It’s 1996, Bill Clinton has just been re-elected and in Houston a mayoral election is looming. As usual the campaign focuses on Pleasantville — the African-American neighbourhood of the city that has swung almost every race since it was founded to house a growing black middle class in 1949. Axel Hathorne, former chief of police and the son of Pleasantville’s founding father Sam Hathorne, was the clear favourite, all set to become Houston’s first black mayor. But his lead is slipping thanks to a late entrant into the race — Sandy Wolcott, a defence attorney riding high on the success of a high-profile murder trial. And then, just as the competition intensifies, a girl goes missing, apparently while canvassing for Axel. And when her body is found, Axel’s nephew is charged with her murder. Sam is determined that Jay Porter defends his grandson. And even though Jay is tired of wading through other people’s problems, he suddenly finds himself trying his first murder case, a trial that threatens to blow the entire community wide open, and reveal the lengths that those with power are willing to go to hold onto it.

You see that makes it sound so less complex than it is, not in a ‘difficult to read’ way more a ‘there is so much going on’ way, and almost lessens the power of what Attica Locke does which is to create a completely gripping thriller that twists politics, law, murder, domestic drama and a take (because it is fictional set around some factual) on recent African-American issues and history. She makes all of this poignant and gripping whilst also adding a sprinkling of the great noir novels gone before as well as the great crime classics. We meet unlikely private detective, shady politicians, dodgy business men and women, ruthless hacks and half arsed police officers as well as getting introduced to small subplots that may mean more than we think.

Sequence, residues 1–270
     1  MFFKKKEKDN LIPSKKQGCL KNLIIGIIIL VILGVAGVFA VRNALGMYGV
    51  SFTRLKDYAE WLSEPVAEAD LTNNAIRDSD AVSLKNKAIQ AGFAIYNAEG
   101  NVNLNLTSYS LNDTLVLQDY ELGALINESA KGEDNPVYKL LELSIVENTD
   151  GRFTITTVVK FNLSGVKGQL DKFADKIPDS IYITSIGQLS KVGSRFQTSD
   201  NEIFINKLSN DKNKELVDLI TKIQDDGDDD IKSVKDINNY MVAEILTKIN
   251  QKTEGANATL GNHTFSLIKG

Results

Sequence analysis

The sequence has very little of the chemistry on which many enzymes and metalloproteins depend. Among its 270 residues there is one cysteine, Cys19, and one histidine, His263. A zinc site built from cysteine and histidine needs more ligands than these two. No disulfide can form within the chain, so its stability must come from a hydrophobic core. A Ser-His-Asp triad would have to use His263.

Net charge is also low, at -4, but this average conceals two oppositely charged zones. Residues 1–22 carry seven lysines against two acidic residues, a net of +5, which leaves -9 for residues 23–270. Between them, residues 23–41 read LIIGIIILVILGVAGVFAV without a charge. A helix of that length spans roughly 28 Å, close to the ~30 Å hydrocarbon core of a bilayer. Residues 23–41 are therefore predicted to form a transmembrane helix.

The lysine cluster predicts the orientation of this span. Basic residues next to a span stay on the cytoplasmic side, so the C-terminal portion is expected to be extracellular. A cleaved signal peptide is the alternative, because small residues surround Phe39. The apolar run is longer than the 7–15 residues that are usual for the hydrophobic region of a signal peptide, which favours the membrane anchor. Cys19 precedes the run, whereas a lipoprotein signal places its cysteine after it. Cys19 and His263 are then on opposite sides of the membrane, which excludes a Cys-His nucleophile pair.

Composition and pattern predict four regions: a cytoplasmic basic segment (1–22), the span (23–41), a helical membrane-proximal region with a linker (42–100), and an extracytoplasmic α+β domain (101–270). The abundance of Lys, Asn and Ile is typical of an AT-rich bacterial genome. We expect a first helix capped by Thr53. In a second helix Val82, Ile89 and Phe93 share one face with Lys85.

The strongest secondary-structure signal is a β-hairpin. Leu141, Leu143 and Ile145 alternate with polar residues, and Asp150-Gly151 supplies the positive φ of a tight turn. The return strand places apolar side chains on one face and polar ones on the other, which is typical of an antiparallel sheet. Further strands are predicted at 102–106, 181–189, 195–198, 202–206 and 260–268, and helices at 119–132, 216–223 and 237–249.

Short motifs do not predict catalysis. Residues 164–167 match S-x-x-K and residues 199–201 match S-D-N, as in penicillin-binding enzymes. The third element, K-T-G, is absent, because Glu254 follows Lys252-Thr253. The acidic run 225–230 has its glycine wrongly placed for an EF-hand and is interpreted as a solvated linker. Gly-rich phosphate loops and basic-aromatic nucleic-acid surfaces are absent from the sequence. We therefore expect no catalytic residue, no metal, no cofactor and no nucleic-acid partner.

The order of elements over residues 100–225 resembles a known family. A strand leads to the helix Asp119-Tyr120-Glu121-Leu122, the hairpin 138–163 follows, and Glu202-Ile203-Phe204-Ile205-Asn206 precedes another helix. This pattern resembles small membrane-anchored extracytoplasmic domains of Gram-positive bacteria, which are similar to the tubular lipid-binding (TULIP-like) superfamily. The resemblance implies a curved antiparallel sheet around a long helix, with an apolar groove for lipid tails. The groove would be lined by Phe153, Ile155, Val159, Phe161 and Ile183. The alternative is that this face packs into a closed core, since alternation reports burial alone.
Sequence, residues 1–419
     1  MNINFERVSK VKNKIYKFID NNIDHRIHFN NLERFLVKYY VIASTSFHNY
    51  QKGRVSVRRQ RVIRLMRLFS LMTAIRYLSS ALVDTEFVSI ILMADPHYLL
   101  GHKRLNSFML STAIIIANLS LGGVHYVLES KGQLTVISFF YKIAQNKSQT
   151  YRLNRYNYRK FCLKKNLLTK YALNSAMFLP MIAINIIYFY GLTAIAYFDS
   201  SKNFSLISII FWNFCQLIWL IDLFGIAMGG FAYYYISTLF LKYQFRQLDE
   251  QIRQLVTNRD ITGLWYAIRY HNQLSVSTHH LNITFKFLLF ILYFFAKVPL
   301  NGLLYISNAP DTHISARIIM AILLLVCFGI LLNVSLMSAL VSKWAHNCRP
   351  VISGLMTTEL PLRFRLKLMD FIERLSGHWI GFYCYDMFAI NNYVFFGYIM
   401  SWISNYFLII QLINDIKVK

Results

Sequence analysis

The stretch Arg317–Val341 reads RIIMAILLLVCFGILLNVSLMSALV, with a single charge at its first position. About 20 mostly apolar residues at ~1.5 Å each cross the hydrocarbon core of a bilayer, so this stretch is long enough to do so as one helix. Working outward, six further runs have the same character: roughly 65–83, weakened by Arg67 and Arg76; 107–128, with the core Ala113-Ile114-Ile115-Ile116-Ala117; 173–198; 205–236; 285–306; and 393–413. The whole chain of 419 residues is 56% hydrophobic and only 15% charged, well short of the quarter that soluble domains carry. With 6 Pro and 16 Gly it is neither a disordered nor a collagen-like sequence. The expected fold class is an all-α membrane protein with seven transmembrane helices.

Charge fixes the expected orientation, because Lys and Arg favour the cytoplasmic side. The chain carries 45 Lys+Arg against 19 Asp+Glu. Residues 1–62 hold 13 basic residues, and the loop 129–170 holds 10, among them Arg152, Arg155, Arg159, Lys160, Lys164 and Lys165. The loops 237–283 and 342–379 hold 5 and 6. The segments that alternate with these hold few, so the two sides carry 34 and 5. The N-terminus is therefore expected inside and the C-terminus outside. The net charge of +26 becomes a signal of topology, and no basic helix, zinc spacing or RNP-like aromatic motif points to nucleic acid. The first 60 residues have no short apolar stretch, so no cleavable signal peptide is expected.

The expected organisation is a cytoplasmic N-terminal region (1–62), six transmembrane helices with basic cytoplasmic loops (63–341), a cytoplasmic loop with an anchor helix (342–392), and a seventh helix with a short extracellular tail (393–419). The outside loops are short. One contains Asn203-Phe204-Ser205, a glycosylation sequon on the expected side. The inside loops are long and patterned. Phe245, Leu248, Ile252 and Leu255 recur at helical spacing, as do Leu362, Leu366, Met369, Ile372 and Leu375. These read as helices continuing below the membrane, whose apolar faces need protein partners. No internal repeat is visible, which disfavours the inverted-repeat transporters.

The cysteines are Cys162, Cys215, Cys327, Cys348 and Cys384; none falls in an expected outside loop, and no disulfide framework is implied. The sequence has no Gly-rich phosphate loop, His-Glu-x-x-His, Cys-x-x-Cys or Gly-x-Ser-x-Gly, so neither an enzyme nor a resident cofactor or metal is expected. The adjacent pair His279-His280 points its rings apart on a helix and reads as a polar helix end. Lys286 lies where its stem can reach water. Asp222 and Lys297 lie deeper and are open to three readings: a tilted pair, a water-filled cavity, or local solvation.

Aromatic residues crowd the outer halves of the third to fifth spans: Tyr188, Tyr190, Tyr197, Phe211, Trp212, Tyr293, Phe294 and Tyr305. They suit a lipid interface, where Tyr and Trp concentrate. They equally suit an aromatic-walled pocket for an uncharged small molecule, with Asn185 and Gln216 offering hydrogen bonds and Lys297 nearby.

“Look,” the cop says. “Officer McFee and I have no problem amending the initial report, Mr. Porter, adding in your description of the intruder and the bit about the misplaced glass.” He delivers that last part as f he were describing the plot of an Agatha Christie novel. This isn’t a murder mystery, he wants it known, just a simple case of breaking and entering, one of thirty or forty on a given night in the city of Houston, depending on the weather.”But I will also add words to support my opinion, based on ten years on the force, that I did not see evidence of an intruder in your place of business at the time my partner and I were present.”